And Now, the Onion Patch

Remember that song, “I’m a Lonely Little Petunia in the Onion Patch”? That Judy said everybody knew? Well, I asked people at my office and not a single one had heard of it, though they did think it was pretty catchy. Be that as it may, let me now tell you about our onion patch.

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Actually, we’re talking just about the summer onion patch – in May we have a different patch (patches, actually) made up of Allium ‘Purple Sensation’ and ‘Globemaster’. In July and August, however, we’ve got another two species blooming.

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Allium ‘Summer Beauty’ with Nodding Onion, not yet blooming, along the edge of the bed towards the left.

The first to bloom is A. lusitanicum ‘Summer Beauty’. This European native has really nice foliage – upright, grassy, and deep green.

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The flowers are like lavender-colored puff balls. They look reall good in drifts.

 

DSC_0853I first saw this Allium planted in masses at the Lurie Garden. I immediately knew I had to have some. Fortunately, in the last couple of years it has become much easier to find at garden centers.

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Nodding Onion

Nodding Onion (Allium cernuum) starts blooming after ‘Summer Beauty’ has peaked, which works out nicely. This is a native North American wildflower. The foliage is more lax, and the lavender-pink or white flowers are not as full as ‘Summer Beauty’. However, I think it’s still a very attractive plant.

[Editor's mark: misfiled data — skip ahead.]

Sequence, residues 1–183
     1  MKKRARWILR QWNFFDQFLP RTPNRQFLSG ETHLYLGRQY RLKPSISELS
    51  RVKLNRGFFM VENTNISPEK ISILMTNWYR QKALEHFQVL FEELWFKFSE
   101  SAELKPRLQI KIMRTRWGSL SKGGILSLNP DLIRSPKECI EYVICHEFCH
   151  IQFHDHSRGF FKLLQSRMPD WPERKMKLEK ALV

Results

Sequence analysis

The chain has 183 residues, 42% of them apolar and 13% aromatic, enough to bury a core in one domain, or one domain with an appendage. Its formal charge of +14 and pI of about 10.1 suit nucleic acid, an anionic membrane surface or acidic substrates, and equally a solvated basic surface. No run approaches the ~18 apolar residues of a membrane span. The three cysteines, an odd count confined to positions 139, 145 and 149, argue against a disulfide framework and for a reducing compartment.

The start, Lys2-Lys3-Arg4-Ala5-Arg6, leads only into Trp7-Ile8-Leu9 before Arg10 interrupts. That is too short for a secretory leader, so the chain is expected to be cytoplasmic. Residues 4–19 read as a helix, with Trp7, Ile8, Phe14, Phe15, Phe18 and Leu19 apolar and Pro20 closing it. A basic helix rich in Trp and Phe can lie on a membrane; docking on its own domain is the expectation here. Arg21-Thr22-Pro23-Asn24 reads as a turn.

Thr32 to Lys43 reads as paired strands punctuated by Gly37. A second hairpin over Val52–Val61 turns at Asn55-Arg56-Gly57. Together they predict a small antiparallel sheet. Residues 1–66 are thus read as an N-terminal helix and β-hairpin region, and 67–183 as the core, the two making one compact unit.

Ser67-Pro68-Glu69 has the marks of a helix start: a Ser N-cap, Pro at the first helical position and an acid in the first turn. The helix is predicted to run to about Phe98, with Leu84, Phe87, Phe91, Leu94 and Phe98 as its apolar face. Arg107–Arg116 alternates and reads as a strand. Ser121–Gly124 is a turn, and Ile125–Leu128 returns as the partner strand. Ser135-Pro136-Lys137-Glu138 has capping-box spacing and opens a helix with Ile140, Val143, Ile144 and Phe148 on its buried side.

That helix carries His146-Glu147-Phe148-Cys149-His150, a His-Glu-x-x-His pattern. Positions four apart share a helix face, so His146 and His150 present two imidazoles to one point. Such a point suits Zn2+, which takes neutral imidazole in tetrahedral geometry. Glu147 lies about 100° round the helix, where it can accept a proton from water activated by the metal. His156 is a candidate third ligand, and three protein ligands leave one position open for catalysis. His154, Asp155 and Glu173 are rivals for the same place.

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Nodding Onion

Both of these Alliums are incredibly popular with pollinators. Give them sun and well-drained soil and they will thrive with minimal attention.

That’s all for now.

26 Comments on “And Now, the Onion Patch

  1. I can see I must look for Allium Summer Beauty. What a nice colour. They look really good, when planted as many as you have.

  2. My allium got greedy and started taking over the patch, so this year the blooms will disappear as soon as they start to fade. No self-seeding allowed.

  3. Very pretty they are, and now that dratted tune is going through my head once again. 😉

  4. Sorry, don’t know that song…but when reading the words thought of “I’m a little tea kettle” and now that won’t go away. Here there were huge allium plants-very tall, very white and early summer bloomers. Yours remind me of chives, which we once planted, got rambunkshus and ran amok…and still do.

  5. I’ll get some ornamental onions in the ground one of these days – they are so beautiful! Right now, however, it’s all about the kind that you don’t want to flower!

  6. Well, I don’t recognize a lot of the songs those young whippersnappers listen to either…so there.

  7. Hello Jason, I’m afraid I’ve never heard of that song either, I’ve asked a couple of people too and they just looked at me strangely. There are many alliums available now but I only have my favourite, Christophii. Despite being a European native, I don’t remember seeing “Summer Beauty” in the Garden Centres here.

  8. I might try alliums this year, they look nice in a bunch…I know that song too…you’ve got to wonder who ever thought up those words…!

  9. I’ve never heard of the song either… I love those ‘Summer Beauty’ alliums! I don’t think I’ve seen those before. You have such a nice patch of them! I just bought a couple nodding onions for the garden. How awesome to have alliums that bloom later in the season!

  10. I’ve been meaning to plant those tall Alliums, yours look gorgeous. Interesting idea to base posts on songs about flowers … another golden oldie I love is Tiptoe through the Tulips, if you have tulips in your garden.

  11. Thanks for identifying something else that has a small but significant representation in my front yard! So funny, I didn’t plant it but Art did and I’m still figuring everything out after all this time. 🙂

  12. Alliums do really well for you Jason; although many books suggest them for dry gardens I think they benefit from a nice damp soil. Do you grow drumstick Alliums, they’re the only ones that are really successful here.

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